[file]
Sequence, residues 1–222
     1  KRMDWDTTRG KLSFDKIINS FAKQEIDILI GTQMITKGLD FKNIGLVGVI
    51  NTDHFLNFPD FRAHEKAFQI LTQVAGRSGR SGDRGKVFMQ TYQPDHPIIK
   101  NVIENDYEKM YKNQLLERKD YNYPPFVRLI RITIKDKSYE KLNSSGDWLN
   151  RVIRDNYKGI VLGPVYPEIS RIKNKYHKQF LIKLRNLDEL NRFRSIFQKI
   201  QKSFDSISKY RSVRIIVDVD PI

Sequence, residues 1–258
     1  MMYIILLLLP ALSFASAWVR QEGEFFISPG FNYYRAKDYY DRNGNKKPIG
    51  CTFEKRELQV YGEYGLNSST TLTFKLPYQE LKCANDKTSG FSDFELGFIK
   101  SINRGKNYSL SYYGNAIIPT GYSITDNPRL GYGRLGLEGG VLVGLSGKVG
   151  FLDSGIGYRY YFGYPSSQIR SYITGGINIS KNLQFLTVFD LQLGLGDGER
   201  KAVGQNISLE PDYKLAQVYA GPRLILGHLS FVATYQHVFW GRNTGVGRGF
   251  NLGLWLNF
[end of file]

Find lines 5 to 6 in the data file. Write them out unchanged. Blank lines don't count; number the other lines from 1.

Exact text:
   151  RVIRDNYKGI VLGPVYPEIS RIKNKYHKQF LIKLRNLDEL NRFRSIFQKI
   201  QKSFDSISKY RSVRIIVDVD PI